A domino experiment is a great way to introduce or practice measuring speed. It can also be used to explore cause and effect, kinetic energy, or motion. The experiment is adaptable for ages preschool to high school. We did the experiment at home with first grader Aiden and toddler Lily. My husband does this experiment with his 9th graders.
What You’ll Need
- 20-30 dominoes
- Meter stick or ruler
- Level space to set up the dominoes
How to Conduct the Experiment
Stand up the dominoes in a straight line. Use the ruler or meter stick to make the spacing between the dominoes even. What spacing distance will give you the fastest speed?
Measure the total length of your dominoes chain. Tip over the end domino and time how long it takes for all of the dominoes to fall. Divide the total distance (the length of your dominoes chain) by the time it takes for all of the dominoes to fall. This will give you the average speed.
Change the spacing between your dominoes and run the experiment again. We compared 1 inch spacing with 1.5 inch spacing. What other distances will you try?
The dominoes should go the fastest when the distance between them is half the length of a domino. Our dominoes were 2 inches in length, so 1 inch spacing was the fastest for us.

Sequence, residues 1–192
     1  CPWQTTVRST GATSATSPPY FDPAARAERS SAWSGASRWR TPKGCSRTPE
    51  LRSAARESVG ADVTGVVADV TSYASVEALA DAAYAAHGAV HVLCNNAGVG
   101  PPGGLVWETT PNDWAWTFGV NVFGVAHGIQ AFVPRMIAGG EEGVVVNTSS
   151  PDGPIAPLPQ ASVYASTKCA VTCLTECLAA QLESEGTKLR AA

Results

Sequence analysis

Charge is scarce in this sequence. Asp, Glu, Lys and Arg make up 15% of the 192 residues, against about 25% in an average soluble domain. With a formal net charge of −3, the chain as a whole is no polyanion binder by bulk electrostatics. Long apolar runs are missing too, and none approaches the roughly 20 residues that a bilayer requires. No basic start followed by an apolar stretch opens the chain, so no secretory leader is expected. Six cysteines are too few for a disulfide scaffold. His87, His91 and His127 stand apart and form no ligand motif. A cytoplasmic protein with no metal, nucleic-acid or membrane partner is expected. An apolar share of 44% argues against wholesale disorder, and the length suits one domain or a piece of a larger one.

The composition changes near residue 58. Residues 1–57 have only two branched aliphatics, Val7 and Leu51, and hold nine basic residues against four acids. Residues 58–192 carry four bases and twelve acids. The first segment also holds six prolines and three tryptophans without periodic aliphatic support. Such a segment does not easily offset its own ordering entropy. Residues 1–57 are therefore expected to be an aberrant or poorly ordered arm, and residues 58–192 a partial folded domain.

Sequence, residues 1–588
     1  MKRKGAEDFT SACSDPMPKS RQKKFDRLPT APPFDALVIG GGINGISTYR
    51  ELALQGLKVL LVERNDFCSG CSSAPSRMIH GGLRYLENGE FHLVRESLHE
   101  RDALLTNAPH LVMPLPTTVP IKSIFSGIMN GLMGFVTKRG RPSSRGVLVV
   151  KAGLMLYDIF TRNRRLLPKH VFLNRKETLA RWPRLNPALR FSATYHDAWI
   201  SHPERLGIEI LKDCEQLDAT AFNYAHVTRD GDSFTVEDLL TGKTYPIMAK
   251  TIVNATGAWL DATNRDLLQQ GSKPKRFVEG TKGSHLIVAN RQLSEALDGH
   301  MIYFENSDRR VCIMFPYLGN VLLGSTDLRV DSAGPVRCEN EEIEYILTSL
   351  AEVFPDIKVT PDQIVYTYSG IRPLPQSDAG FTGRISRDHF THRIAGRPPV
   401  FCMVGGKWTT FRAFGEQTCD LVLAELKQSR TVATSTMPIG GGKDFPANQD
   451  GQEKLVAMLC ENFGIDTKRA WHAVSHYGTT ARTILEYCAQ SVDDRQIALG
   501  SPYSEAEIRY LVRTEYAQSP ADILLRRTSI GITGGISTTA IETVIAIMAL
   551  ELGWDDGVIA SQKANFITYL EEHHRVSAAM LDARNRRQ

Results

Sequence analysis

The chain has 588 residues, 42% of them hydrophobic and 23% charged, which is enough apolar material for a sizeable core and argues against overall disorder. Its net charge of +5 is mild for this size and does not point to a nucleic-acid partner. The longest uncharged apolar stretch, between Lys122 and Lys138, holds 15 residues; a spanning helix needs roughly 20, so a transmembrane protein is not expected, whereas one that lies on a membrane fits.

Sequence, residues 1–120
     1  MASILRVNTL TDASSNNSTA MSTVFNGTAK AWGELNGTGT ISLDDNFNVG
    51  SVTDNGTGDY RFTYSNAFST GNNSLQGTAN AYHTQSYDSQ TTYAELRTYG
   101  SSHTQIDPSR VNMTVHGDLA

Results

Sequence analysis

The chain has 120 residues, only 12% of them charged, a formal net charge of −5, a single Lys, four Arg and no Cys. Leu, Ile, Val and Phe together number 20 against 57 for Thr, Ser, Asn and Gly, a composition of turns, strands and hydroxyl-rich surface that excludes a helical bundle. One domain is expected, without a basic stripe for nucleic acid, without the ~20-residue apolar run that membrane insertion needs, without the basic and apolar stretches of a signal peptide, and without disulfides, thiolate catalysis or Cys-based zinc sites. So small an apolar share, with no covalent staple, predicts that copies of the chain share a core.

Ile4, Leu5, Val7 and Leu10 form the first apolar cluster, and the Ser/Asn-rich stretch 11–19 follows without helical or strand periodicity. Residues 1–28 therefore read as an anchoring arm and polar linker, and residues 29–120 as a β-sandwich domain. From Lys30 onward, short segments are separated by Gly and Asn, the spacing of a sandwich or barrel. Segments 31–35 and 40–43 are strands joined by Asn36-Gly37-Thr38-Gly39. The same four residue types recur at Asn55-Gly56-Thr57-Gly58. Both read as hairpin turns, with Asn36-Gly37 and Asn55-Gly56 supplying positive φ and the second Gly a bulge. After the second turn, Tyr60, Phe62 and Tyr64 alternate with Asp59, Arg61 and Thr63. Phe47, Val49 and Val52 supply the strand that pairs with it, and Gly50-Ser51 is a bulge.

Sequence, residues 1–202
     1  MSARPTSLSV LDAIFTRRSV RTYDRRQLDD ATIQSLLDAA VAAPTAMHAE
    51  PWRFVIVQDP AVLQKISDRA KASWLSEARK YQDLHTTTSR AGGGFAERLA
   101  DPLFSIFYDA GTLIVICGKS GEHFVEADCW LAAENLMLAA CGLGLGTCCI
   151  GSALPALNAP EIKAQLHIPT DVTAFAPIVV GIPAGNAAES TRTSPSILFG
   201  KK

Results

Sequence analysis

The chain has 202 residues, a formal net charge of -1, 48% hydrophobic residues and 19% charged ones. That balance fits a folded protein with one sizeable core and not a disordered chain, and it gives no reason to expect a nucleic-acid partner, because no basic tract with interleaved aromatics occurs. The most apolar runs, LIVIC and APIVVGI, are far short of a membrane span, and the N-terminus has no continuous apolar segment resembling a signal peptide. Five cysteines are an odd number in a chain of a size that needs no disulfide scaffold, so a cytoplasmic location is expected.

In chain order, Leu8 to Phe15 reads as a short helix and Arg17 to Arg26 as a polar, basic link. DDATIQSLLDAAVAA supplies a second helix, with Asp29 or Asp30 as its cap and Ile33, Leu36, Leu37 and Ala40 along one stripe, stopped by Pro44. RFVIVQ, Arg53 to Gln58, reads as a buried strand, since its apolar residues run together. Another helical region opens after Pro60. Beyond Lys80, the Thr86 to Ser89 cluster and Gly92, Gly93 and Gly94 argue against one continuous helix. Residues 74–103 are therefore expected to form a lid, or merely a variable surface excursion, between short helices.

In addition to a straight line, Aiden wanted to make a curved path of dominoes. It took him a few tries as he accidentally kept setting them off.
I mentioned at the beginning of the post that this experiment was doable with preschoolers. It just takes some patience and decent fine motor skills to set up the dominoes correctly. For young kids, the spacing doesn’t have to be perfect. They will benefit from just seeing the domino chain reaction. For more cause and effect science for toddlers and preschoolers check out our Exploring Cause and Effect with Trains investigation.
To keep toddler Lily occupied while we ran the experiment, she practiced counting and measuring dominoes with a ruler.
More Physics Experiments for Kids
- A marble drop experiment is a great way to explore how height and mass affect force.
- Set up a Car Target Launch STEM Challenge for a quick science and engineering problem that gets everyone thinking.
- 20 Preschool Physics Experiments – I love this collection of experiments that are perfect for younger kids
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